I have spent close to a decade in San Francisco. I can get a Niman Ranch beef sandwich for six bucks at not one but three different establishments within walking distance of my apartment. I had forgotten just how tough a crappy piece of meat can be. It almost made me nostalgic.
I would love to eat a delicious, tender piece of organically grown steak prepared in Tallula’s tandoori-and-tomato-sauce manner. I was disappointed. But I’ll get over it. I was assuaged by the memory of that Anglo-Italian pizza chef, and by the knowledge that the conventions of the restaurant industry include a mechanism for redressing the situation. I had never sent anything back before. So it was with a certain nervous excitement that I flagged down the waiter. “The steak,” I said, gesturing to it in the dim candlelight. “The preparation is delicious. But the meat is much too tough. I think I’m going to have to send it back and order something else.” I spoke clearly and courteously. I was careful to banish both rancor and timidity from my voice. I felt slightly proud of myself.
The waiter brought back the menu, and I asked him to recommend something. “If you’d like something softer, the chicken curry is cooked for several hours,” he said, as though my preference for chewable food was some strange quirk. (He wasn’t bullshitting me, though: the tender chicken fell right off the bone into the mild curry sauce, which tasted exactly like a jar of mild curry sauce.)
I’ll get to the rest of the food in a minute. What I’m talking about now is the moment when the waiter brought the check. “We have to charge you for the steak,” he said. (I am unable to locate this requirement in the state Food and Agriculture Code.) “But I went ahead and 50-percented you on the chicken curry.”
I am not one of those men who are always barging around asserting their rights and getting into picayune arguments with customer-service people. But I am a person who will drop $100 on a meal only once this year, and I know that when you send a dish back because it’s a $21 entrée made from meat they wouldn’t serve at Arby’s, it shouldn’t show up on your bill. The chef at Pizza Express, the guy who had too much pride to send out a pizza with burned or misshapen crusts, even to a twelve-year-old kid, would have considered Tallula a disgrace to his noble profession.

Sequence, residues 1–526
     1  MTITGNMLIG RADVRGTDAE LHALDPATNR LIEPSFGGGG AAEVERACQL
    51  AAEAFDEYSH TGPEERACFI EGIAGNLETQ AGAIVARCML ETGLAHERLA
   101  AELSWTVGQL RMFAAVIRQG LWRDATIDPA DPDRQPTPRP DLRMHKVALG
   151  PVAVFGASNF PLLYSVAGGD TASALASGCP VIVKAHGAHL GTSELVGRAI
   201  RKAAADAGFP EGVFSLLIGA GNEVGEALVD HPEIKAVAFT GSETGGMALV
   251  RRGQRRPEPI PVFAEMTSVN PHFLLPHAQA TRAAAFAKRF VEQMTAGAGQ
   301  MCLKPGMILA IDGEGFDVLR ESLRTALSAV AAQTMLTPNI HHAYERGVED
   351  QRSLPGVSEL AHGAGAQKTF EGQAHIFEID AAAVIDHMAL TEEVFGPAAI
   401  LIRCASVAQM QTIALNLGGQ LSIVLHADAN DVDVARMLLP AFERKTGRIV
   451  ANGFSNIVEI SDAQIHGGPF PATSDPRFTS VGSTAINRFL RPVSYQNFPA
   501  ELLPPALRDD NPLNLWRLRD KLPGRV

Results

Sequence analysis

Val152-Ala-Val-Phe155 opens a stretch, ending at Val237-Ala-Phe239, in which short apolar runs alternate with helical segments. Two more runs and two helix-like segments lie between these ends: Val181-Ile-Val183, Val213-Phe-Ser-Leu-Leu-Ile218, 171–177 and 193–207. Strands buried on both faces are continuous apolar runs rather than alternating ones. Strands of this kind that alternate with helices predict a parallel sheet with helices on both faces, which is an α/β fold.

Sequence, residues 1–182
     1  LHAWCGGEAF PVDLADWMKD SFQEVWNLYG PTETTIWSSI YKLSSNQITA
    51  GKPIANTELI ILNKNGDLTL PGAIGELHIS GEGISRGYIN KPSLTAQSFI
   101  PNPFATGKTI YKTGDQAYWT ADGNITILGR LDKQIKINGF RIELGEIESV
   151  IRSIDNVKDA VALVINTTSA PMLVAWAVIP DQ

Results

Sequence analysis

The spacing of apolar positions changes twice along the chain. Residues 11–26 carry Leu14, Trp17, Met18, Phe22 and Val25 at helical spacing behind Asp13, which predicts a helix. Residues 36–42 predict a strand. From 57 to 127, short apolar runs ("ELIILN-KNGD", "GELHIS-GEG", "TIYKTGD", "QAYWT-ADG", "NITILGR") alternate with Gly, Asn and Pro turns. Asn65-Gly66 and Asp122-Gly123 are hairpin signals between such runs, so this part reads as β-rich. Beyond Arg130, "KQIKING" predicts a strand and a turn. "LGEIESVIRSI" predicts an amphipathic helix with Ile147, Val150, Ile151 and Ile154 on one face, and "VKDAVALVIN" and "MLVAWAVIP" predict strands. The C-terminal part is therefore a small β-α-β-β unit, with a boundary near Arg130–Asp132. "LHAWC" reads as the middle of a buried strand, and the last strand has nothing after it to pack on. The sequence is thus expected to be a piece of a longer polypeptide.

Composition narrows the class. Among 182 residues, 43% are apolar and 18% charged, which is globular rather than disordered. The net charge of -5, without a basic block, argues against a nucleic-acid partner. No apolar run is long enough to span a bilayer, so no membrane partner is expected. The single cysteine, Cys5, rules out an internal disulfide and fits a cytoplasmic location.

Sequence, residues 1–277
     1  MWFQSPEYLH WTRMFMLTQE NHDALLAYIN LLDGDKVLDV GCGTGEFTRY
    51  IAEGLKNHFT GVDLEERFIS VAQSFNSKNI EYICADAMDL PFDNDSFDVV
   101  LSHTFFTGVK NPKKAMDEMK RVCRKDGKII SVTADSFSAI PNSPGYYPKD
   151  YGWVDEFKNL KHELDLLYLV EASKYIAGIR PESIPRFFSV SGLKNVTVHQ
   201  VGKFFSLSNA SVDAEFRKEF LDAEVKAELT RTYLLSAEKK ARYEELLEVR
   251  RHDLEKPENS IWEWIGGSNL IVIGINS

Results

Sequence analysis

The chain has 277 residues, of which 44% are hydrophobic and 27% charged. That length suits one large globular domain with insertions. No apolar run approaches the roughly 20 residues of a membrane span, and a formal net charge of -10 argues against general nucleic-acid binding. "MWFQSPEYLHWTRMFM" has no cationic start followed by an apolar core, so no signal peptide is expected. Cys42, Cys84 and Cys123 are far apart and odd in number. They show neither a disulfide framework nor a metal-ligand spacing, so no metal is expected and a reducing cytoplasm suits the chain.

Other than that, Mrs. Lincoln thought the play was OK. There was a standout appetizer, the lobster and pea dhosa—a South Indian crepe packed with lobster meat and served in a lemony beurre blanc that was both luxurious and astringent. My girlfriend had trout in a milky curry sauce and liked it a lot, although I thought the sauce wasn’t really strong enough to stand up to the fish. There was a clever dessert that comprised two little crèmes brulees, one enhanced with tea and the other with mango, like a thickened mango lassi under a sugary shell.
But the aloo ticki—potato pancakes flavored with lemon, cilantro, and chutney—tasted just like the samosas you could get delivered to your house by a neighborhood Indian carryout. Along with the disappointing chicken curry, it suggests that the closer Tallula gets to straight-up Indian food, the less there is to set it apart from restaurants that charge half as much and don’t serve beef.
 Quick math break: The curry was listed at $16. They charged me $9 for it, which by my calculation is more than half of $16. Admittedly, it would be awkward to say “I 56.25-percented you on the chicken curry.” The inedible steak, meanwhile, was $21, of which I was charged 100 percent.